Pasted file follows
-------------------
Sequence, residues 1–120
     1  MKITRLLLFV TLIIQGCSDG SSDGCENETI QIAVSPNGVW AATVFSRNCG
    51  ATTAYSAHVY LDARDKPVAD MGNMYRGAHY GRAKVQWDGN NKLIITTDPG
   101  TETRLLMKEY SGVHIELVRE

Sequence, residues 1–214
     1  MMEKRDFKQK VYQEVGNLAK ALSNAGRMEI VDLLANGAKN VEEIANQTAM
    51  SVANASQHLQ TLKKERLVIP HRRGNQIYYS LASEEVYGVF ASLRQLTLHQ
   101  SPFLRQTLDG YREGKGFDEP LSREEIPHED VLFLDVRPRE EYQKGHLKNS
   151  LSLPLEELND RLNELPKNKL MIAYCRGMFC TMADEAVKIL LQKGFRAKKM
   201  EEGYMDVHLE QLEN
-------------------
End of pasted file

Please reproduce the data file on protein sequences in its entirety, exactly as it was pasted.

Sequence, residues 1–120
     1  MKITRLLLFV TLIIQGCSDG SSDGCENETI QIAVSPNGVW AATVFSRNCG
    51  ATTAYSAHVY LDARDKPVAD MGNMYRGAHY GRAKVQWDGN NKLIITTDPG
   101  TETRLLMKEY SGVHIELVRE

Sequence, residues 1–214
     1  MMEKRDFKQK VYQEVGNLAK ALSNAGRMEI VDLLANGAKN VEEIANQTAM
    51  SVANASQHLQ TLKKERLVIP HRRGNQIYYS LASEEVYGVF ASLRQLTLHQ
   101  SPFLRQTLDG YREGKGFDEP LSREEIPHED VLFLDVRPRE EYQKGHLKNS
   151  LSLPLEELND RLNELPKNKL MIAYCRGMFC TMADEAVKIL LQKGFRAKKM
   201  EEGYMDVHLE QLEN